Fully Vaccinated

Fully Vaccinated

Fully Vaccinated

Residential Care Centers Fight COVID-19 with Array of Protective Measures

By LisaMarie Martinez, MSN

To vaccinate or not to vaccinate, to mask up and maintain social distance, or to be isolated and unseen by friends and loved ones. These are the dilemmas faced by most people since the beginning of the pandemic in 2020. When it comes to managing the lives of those who depend on others for their daily needs, such dilemmas are redefined.

For facilities that provide services for individuals with varied health and wellness needs, their work was heavily impacted by the continuing unknowns surrounding COVID-19 and the vaccines. As critical service providers, the staff took on new roles during the pandemic to support and maintain the health, safety and the psychosocial needs of the residents they serve.

Vaccinations Key to Protection at Care Center

Forest Street Compassionate Care Center is a quaint 60-bed skilled nursing residence, with a memory-support section, located in the residential community of Park Hill. The center serves residents in northeast Denver and the surrounding communities, who are mainly African American but also other races and ethnicities.

When interviewed in early August, 100% of their residents were fully vaccinated, 92% of their staff was fully vaccinated, and there were no active COVID-19 cases among its residents or workers. They attributed their ability to vaccinate all residents to providing education about COVID-19 and the vaccines, and their ability to prevent COVID-19 outbreaks to the vaccine. They had plans to continue to encourage their unvaccinated staff to become fully vaccinated.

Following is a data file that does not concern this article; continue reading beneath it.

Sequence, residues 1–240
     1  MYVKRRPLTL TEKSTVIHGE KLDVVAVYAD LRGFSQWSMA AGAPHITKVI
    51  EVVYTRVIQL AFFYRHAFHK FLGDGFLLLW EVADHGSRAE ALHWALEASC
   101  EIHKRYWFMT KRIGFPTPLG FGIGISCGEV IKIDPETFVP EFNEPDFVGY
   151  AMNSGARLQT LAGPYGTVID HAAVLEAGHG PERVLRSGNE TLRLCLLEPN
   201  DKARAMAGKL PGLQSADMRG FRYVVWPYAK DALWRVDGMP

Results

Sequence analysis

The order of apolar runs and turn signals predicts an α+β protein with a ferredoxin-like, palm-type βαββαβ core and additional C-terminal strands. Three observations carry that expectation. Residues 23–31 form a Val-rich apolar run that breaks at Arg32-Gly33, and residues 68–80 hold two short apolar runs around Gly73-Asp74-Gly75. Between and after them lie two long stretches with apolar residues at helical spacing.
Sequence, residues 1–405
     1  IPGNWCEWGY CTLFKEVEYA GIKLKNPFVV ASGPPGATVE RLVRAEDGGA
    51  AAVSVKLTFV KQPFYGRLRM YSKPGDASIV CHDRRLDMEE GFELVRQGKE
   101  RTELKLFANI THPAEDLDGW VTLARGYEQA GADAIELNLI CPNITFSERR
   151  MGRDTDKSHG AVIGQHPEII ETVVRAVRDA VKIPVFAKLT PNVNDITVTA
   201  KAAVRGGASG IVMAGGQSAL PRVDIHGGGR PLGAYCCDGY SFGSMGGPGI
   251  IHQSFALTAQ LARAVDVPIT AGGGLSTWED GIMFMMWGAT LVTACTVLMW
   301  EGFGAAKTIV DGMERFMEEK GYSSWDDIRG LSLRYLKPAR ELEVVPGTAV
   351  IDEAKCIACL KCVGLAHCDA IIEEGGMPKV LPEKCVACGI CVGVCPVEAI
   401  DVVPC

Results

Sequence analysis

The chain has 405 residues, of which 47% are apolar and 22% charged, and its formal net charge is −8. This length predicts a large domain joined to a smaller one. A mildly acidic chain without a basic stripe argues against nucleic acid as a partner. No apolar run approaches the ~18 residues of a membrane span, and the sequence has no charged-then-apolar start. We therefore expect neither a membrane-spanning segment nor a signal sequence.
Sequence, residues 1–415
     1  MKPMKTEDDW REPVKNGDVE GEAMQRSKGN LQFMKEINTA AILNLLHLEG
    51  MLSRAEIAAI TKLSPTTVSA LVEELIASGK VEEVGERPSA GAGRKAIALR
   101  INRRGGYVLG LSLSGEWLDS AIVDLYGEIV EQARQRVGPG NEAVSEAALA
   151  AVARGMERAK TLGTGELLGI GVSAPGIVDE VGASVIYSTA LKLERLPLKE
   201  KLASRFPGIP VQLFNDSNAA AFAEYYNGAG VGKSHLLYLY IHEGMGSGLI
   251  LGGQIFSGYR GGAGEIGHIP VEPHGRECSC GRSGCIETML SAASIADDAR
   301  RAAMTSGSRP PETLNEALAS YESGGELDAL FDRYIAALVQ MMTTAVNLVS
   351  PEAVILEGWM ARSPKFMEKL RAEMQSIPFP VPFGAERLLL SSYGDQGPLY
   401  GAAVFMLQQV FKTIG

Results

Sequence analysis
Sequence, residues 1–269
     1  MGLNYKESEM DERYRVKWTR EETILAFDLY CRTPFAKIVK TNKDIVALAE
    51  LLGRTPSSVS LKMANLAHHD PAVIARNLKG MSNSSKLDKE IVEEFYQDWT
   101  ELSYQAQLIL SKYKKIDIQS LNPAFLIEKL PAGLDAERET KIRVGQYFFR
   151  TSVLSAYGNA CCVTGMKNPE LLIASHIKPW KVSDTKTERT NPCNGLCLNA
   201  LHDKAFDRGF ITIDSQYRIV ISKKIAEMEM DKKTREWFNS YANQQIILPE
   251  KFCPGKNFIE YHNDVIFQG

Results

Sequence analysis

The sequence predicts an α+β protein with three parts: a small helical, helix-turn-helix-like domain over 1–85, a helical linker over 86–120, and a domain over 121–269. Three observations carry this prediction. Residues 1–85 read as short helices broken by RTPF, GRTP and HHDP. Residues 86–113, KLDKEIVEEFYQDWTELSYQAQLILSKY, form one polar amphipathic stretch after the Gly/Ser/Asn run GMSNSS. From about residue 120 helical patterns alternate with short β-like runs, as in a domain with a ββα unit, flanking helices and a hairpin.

Nursing Home Administrator Grace Nailing said, “We are doing everything we can to protect our residents and team members. All staff members, family members, visitors and providers are required to wear a mask. We screen all team members, visitors, family members and providers upon entrance. We follow the infection control guidelines.” 

In addition, she said that their community works to ensure there is enough personal protective equipment (PPE) available to residents and staff.

Certified nurse aides Brenda and Carlos said it is less hard to protect their residents from getting COVID-19 now that all their residents are fully vaccinated. They said efforts to protect them are ongoing, such as staff wearing masks, properly hand washing between resident visits, disinfecting all surfaces on a regular basis, and checking staff vital signs every shift.

Keeping their residents happy and safe at the same time involves flexibility in operations.  Activities Director Beverly Canaday said, “Currently, fully vaccinated family members can enter the center and visit with their loved ones face to face while wearing masks, and unvaccinated family members can visit by making an appointment and visiting with their loved ones in a designated area.” 

She said the center makes changes to fulfill whatever health requirements they must meet, to keep their residents safe. If they are required to maintain social distance, the staff does so by keeping the residents six feet apart from each other when in group activities, offering more one-to-one activities in residents’ suites, and having families schedule visitations through a glass door. Previously, all family members were entering through an alternate building entrance and had to sit six feet apart while being in the same room as their loved ones. 

Administrator Nailing said, “We work hard to provide for our residents the way we would want our family members cared for. We believe our residents deserve the best.”